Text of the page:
Shopping for a home-energy management tool could get increasingly challenging as the months roll by.
A beta version of Microsoft Hohm, a free online service designed to work with or without smart-home monitoring gadgets, is now available for consumer use. And Google’s PowerMeter, on online tool that does require some smart-home gear, is available to a very small group of users but is expected to roll out further later this year.
Other, similar products – all designed to help consumers analyze energy usage in their home so they can find ways to reduce it – are in the offing, including services from big telcos such as Verizon Communications, network specialist Cisco Systems, and a company called Greenbox Technology, which has been arranging utility and smart-meter partnerships for a consumer-oriented version of its online monitoring tool.
The launch date and pricing for the Greenbox Energy Management Ecosystem haven’t been determined, a spokeswoman for the company, Christina Dyrness Williams, told GBA, but this week the firm, based in San Bruno, California, announced that the software system is being tested in, among other locations, the net-zero-energy home of Marc Porat, known in the building community as the board chairman of Serious Energy, CalStar Products, and prefab specialist ZETA Communities.
Fine tuning net zero
Porat’s home, located in Palo Alto, just down the road from San Bruno, actually is of a drafty but historically important 1936 vintage. But the building recently emerged from a two-year retrofit with net-zero-energy efficiency, a new name – the Palo Alto Net Zero Energy House – and a Greenbox system that will be used to track, in minute detail and in real time, every performance deficiency and improvement.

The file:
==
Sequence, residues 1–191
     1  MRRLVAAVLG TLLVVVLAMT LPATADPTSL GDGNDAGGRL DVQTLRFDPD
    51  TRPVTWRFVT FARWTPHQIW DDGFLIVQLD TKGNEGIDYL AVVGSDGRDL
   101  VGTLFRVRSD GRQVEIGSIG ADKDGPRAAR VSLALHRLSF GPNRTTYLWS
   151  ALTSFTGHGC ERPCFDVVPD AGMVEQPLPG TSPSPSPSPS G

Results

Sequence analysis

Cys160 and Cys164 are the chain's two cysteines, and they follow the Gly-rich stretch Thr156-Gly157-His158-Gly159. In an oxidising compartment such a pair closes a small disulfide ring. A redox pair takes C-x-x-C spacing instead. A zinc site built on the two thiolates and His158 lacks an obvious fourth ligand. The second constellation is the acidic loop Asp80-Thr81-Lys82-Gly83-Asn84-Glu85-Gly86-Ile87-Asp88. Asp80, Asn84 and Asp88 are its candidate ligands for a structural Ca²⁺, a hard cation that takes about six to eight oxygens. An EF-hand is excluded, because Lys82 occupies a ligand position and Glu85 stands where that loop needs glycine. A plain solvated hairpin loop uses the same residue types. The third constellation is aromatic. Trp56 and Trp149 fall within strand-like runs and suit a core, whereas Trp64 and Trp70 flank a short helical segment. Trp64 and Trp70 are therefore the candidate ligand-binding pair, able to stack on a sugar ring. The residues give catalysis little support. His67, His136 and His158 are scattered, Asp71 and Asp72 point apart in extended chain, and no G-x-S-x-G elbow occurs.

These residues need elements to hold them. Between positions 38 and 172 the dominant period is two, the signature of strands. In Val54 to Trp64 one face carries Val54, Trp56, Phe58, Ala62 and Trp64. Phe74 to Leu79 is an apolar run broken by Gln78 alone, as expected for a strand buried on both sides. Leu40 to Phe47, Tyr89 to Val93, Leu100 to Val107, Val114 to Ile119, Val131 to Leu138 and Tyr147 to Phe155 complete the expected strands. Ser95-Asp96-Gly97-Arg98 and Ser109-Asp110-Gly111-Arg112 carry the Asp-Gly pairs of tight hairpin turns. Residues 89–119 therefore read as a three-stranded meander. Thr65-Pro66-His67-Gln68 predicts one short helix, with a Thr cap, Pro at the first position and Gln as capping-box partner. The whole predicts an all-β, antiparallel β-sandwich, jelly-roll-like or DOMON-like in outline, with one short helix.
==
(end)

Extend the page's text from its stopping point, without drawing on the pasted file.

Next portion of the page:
“Even though the home is an R&D platform for net-zero energy,” Porat says in a press release on the project, “our goal is to use materials and methods that any homeowner can use. The Palo Alto Net Zero Energy House is a look at what will be the ‘new normal’ for homes in the near future.”
California is indeed moving faster than most states toward a requirement for net-zero-energy performance for new-home construction, although existing homes (many as inefficient as Porat’s house was before the retrofit) are where tools such as Hohm, PowerMeter, and Greenbox might be most helpful.
Greenbox is designed to show consumers how much energy they are consuming in their home, how much it costs, what their carbon footprint is, and how it compares to other users in their community.
As noted in an earlier GBA post, though, some analysts who follow the market for such services are concerned people will fail to act on the diagnostics. But Greenbox says that if the information is specific enough, consumers are likely to respond positively.
“When consumers can link their actions to usage, such as turning up the air conditioner or running a second refrigerator,” the company says, “they will make meaningful changes to reduce their energy consumption.